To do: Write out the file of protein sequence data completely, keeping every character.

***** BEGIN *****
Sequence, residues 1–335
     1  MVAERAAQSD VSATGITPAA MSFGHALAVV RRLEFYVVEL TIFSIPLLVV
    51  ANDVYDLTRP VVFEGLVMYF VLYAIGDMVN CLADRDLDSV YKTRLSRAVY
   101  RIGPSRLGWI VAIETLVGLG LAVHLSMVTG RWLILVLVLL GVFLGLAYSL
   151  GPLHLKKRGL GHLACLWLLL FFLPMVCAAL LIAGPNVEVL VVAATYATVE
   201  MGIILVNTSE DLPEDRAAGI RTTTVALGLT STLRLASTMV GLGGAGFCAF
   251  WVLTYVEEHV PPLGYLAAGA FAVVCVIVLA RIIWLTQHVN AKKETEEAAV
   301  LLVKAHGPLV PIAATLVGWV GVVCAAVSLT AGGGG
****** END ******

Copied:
Sequence, residues 1–335
     1  MVAERAAQSD VSATGITPAA MSFGHALAVV RRLEFYVVEL TIFSIPLLVV
    51  ANDVYDLTRP VVFEGLVMYF VLYAIGDMVN CLADRDLDSV YKTRLSRAVY
   101  RIGPSRLGWI VAIETLVGLG LAVHLSMVTG RWLILVLVLL GVFLGLAYSL
   151  GPLHLKKRGL GHLACLWLLL FFLPMVCAAL LIAGPNVEVL VVAATYATVE
   201  MGIILVNTSE DLPEDRAAGI RTTTVALGLT STLRLASTMV GLGGAGFCAF
   251  WVLTYVEEHV PPLGYLAAGA FAVVCVIVLA RIIWLTQHVN AKKETEEAAV
   301  LLVKAHGPLV PIAATLVGWV GVVCAAVSLT AGGGG